Another related interpretation for the contrasting effects of joint immobilization on the sway in the AP and ML directions allow to suggest the following hypothesis. The ankle, knee, and hip joints show higher kinematic mobility in the AP direction resulting in a kinematically redundant system able to stabilize the center of mass location by co-varied changes in these joint angles (Freitas, Duarte, & Latash, 2006). Motor redundancy may be viewed as a useful feature that allows, in particular, to deal with secondary tasks and external perturbations (Latash, Scholz, & Schoner, 2007; Zhang, Scholz, Zatsiorsky, & Latash, 2008). Joint fixation may be viewed as an example of such a perturbation. Apparently, the kinematic redundancy of the postural chain allowed to keep the AP sway characteristics unchanged under joint immobilization. In contrast, there is limited joint mobility in the ML direction and, as such, the system may be viewed as less (or even non-) redundant. For such a system, any additional constraint may lead to an impossibility of using the earlier mode of control. Note that, although our manipulations were designed to lead to joint immobilization primarily in the AP direction, they likely limited joint mobility in the ML direction as well, partly by limiting muscle length changes for postural muscles with the lines of action in-between the AP and ML axes. If we assume that sway magnitude is to a large degree defined by a purposeful neural process [for example, as a possible exploratory mechanism (Roebuck, Simmons, Richardson, Mattson, & Riley, 1998)], this process may be suppressed if the controller is impaired in postural control. For example, patients with Parkinson’s disease can demonstrate decreased postural sway while postural instability is one of the cardinal features of this disorder (Romero & Stelmach, 2003).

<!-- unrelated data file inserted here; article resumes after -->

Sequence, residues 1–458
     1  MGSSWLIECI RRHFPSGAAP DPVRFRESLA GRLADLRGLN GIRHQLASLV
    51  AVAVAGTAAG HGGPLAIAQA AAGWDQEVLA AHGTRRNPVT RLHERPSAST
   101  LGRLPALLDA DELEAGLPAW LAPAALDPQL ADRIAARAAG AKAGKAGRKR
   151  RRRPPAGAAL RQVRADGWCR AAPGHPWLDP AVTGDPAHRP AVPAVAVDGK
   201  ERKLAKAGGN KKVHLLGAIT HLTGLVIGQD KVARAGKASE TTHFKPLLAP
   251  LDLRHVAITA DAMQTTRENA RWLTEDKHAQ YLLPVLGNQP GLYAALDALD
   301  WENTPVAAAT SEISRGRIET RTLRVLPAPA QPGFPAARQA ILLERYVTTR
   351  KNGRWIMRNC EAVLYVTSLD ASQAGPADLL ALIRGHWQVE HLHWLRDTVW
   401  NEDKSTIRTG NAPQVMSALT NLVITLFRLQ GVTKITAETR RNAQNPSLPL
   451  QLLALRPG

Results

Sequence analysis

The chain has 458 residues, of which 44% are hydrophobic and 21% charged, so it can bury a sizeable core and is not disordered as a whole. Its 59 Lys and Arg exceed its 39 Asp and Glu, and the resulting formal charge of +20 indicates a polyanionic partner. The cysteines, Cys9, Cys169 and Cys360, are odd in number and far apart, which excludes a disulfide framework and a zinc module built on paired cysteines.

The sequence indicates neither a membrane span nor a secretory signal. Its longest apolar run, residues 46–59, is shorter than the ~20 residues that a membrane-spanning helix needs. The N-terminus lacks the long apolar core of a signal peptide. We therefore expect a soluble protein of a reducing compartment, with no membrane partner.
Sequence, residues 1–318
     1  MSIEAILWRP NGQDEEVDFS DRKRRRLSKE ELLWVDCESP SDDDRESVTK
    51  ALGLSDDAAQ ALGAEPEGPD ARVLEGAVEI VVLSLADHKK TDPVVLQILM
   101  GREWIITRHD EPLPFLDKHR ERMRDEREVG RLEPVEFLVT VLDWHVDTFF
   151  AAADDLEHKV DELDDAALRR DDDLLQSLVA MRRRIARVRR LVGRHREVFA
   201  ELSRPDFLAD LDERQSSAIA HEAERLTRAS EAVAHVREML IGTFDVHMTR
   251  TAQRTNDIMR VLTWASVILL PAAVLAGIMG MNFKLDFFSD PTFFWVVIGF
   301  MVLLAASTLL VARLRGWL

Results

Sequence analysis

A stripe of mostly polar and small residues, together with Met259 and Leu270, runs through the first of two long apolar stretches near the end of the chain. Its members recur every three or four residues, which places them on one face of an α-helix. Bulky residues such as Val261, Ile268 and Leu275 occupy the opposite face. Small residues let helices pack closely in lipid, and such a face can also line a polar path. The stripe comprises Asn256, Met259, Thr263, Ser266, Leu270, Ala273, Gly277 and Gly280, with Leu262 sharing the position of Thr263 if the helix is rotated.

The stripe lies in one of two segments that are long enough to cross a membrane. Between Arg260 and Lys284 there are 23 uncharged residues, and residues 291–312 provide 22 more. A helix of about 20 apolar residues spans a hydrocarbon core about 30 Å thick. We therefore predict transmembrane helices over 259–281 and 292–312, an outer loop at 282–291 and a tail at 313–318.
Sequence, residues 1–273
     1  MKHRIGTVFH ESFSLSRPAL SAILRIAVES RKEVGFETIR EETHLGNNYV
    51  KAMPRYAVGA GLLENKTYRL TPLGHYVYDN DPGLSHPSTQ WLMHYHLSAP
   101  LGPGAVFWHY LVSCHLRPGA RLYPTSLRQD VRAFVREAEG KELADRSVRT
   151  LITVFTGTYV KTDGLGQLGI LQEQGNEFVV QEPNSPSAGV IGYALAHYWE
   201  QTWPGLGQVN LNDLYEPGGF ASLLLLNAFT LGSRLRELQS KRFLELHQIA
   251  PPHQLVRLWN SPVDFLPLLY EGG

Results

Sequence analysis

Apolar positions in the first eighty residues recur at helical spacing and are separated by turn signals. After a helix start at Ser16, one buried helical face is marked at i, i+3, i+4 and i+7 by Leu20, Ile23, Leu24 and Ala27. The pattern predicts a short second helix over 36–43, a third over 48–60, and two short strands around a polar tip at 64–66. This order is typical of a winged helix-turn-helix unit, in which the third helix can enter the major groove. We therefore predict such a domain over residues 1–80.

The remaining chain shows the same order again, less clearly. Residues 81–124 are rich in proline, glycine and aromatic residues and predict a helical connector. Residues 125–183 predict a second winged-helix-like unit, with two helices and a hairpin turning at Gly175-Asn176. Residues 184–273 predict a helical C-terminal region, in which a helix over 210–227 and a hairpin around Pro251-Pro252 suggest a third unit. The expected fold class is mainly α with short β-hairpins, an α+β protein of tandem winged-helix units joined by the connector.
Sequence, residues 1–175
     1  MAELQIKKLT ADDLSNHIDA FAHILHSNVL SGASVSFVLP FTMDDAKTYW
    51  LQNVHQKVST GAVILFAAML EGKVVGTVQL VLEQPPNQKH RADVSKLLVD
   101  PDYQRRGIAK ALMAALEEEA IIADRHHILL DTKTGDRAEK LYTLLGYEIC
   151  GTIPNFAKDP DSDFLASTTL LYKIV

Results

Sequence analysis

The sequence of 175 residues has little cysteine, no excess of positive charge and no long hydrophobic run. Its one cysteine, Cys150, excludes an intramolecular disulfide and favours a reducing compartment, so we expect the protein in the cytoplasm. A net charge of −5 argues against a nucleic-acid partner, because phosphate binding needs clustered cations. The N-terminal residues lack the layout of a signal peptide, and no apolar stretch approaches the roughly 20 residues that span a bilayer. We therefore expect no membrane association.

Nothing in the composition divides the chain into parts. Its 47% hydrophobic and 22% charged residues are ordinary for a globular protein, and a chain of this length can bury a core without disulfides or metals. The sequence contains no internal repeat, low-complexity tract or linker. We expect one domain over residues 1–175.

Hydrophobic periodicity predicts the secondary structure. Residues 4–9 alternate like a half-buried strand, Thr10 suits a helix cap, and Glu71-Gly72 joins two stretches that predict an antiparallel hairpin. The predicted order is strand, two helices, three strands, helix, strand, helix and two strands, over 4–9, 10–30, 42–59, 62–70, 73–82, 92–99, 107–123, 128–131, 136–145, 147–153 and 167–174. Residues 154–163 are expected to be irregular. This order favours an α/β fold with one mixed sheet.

Both interpretations given above consider, in a different degree, that the observed drop in the ML sway is a reflection of a purposeful strategy of the controller that suppresses the natural sway process that may by itself lead to loss of balance under the additional constraints. In addition, the results of the present study corroborate the idea that the control of the body sway in AP and ML directions during unperturbed upright stance are achieved by two distinct neuromuscular mechanisms that can be influenced by the outcome of each other’s action.
In summary, the findings of this study indicate that the inverted pendulum model is unable to completely explain the processes involved in the control of the quiet upright stance in the anterior-posterior and medial-lateral directions.